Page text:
MILFORD, PA — With school staff and outside vendors seemingly under a blanket “no comment” order from the school administration, little could be learned of the school closures …
MILFORD, PA — With school staff and outside vendors seemingly under a blanket “no comment” order from the school administration, little could be learned of the school closures driven by bus operators’ COVID-19 exposure or remedies to avoid future cluster cases from staff or vendors. Sixteen drivers were unavailable for work and the Delaware Valley School District declared a snow day on December 7.
Superintendent Dr. John Bell and staff spent “12 hours of triage” on December 7 creating a plan, which included one day of closure for all seven campuses (December 7), then permitting elementary students back to school (December 8 to 10) and from December 13 to 17, high school and middle school students who have access to personal transportation can attend school on campus. Bell said he expects all schools to reopen December 20. Christmas break starts December 23. After-school activities do not seem to have been impacted provided students have transportation to campus.
Further complicating the situation, on Friday, December 10, the Pennsylvania Supreme Court vacated the mask mandate issued by PA Acting State Health Secretary Alison Beam in late August, which reversed a mask-optional policy, an action that created three months of debate, acrimony and legal action. The masking guidelines will now revert to the district’s state-required “health and safety plans,” which included optional mask wearing for students, created prior to the emergence of the Delta variant. Gov. Tom Wolf had indicated that he was returning the masking-policy decisions to the local leaders on January 17, 2022.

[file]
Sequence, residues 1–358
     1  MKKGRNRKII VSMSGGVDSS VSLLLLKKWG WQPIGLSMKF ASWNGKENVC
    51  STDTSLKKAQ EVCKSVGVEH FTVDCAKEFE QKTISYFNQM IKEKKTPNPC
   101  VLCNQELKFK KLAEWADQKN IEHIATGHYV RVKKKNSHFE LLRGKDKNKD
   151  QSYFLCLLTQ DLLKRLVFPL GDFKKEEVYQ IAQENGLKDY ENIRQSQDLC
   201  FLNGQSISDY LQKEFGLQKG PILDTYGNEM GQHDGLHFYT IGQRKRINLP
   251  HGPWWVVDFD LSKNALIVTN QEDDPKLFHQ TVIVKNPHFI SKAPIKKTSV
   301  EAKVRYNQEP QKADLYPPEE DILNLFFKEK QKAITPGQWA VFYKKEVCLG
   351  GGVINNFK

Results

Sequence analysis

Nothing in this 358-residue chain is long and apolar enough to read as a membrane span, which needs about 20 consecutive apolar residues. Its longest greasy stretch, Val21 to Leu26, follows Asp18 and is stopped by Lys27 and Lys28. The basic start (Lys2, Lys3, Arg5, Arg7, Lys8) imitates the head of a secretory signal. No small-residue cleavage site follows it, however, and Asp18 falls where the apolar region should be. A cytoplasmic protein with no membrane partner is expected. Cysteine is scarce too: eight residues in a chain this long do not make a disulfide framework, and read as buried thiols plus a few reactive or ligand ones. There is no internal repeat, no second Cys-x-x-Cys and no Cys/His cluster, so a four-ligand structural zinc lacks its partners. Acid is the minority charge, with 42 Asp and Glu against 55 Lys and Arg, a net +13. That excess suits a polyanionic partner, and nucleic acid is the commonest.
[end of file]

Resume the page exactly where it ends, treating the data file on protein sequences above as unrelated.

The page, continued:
According to an article in The Tribune-Review, “the arguments are not about masks, but administrative authority. It means the arguments against the mandate were very solidly grounded,” said Duquesne University Law Professor Bruce Ledewitz. Beam had been accused of exceeding her constitutional authority with the masking order.
The shutdown possibility was a central issue in the November school board election and was predicted by the Safety First slate of candidates and some in the school administration.
The DVSD website reports 4,400 students and over 300 staff members. When combined with their families and employers, this shutdown impacted more than 7,000 people.
Students without access to private transportation to school will learn remotely, and miss after-school activities.
Masking policy, and the politics around it, continue to roil what most hoped would be a return to a more normalized school term in 2021-2022.
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